The editor of Britain’s biggest railway publication says the industry as a whole has been left “devastated” by the Stonehaven derailment and will need to “work very hard to pull back from this”.
Chris Milner, who has worked for The Railway Magazine for 30 years, said the disaster in Aberdeenshire on Wednesday is “by far the most serious incident we’ve had for a very long time”.
He explained that since the Ladbroke Grove rail crash 21 years ago London, where 31 people were killed and 417 injured, those working on Britain’s railways have made major efforts to ensure safety is paramount.
Mr Milner said: “The industry is very shocked, very saddened, and quite devastated by this terrible accident.
“The railway has strived exceptionally hard since the Ladbroke Grove accident in 1999 to improve rail safety throughout the country and make not only trains safer, but help passengers feel safer as well.
“There’s been the adage in the industry that everyone comes to work, and goes home safely in the same day, and that’s gone on for many years, so for this to happen now is quite shocking.”
Mr Miller said he believes the matter of managing extreme weather incidents such as the torrential storm that preceded the crash on Wednesday is becoming an “increasingly important issue” for the wider railway industry.
He said: “One of the things I’ve noticed working on the magazine is there is a larger number of reports of landslips or lines being closed due to flooding than we’ve ever had before in the past.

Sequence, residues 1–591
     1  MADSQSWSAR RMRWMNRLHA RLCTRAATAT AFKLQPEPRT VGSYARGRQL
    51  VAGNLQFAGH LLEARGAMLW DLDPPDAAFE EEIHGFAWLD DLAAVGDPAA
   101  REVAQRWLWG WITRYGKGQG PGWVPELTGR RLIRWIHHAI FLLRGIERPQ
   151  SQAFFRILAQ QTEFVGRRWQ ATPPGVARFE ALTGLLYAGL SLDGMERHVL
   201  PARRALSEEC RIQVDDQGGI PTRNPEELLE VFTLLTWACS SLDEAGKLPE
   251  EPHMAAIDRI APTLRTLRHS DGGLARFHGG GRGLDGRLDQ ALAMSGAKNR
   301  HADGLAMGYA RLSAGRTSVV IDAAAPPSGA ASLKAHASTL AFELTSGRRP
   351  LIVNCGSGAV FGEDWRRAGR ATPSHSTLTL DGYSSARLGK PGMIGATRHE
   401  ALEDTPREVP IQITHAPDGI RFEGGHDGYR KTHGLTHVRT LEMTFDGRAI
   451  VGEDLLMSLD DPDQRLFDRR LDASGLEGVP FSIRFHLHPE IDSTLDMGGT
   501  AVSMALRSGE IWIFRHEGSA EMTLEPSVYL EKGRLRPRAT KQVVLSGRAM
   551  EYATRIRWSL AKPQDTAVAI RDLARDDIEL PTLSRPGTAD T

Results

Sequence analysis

“Now whether this is down to maintenance issues, or a combination of several issues with the exceptional weather we’ve been experiencing over the past four to five years is not clear at the moment.
“Only yesterday we heard about another landslip in Wales, and I know there’s been landslips on the west Highland line and one or two other places.
“Landslips are nothing new, but Network Rail as infrastructure owner has to work exceptionally hard to try to mitigate such incidents.”
When asked if the derailment has had an effect on passenger and staff confidence, Mr Miller said: “I don’t think some of the national headlines have helped at all.
“This is a pretty isolated incident with regards to a train hitting a landslide.
“We’ve had a few trains derailed because of landslides where the trains remained upright, but this is by far the most serious incident we’ve had for a very long time.”
He added: “But I think it’s important at a difficult time like this, when trains are running at pretty much 20% capacity or thereabouts, that passengers do feel confident and are wanting to come back and on the rail.
“Despite this accident, rail does remain one of the safest forms of transport in this country, far safer than bus travel, motorcycles, bicycles and cars.”
The magazine editor explained that because of the close nature of the rail industry, the emotional impact of the tragedy on Wednesday was particularly severe.
“Railways are a very close-knit community”, he said.
“A lot of people are desperately sad about this. To lose both railway staff and a passenger is terribly sad and everyone is sending their condolences to their bereaved families.
“A lot of people on Twitter have changed their profile pictures to reflect the sadness of the situation with either a black Saltire or a black British Rail logo as a mark of respect for the passed.
“I’ve been in the industry for 30 years, and we tend to look after each other and help each other out.”
He added: “The industry is going to have to work very hard to pull back from this.
“Network Rail are already going to investigate similar sites with other problems, and I do know that they have had movement detectors at sites where they know landslips occur so they can be monitored – and maybe they need to do more of this monitoring.”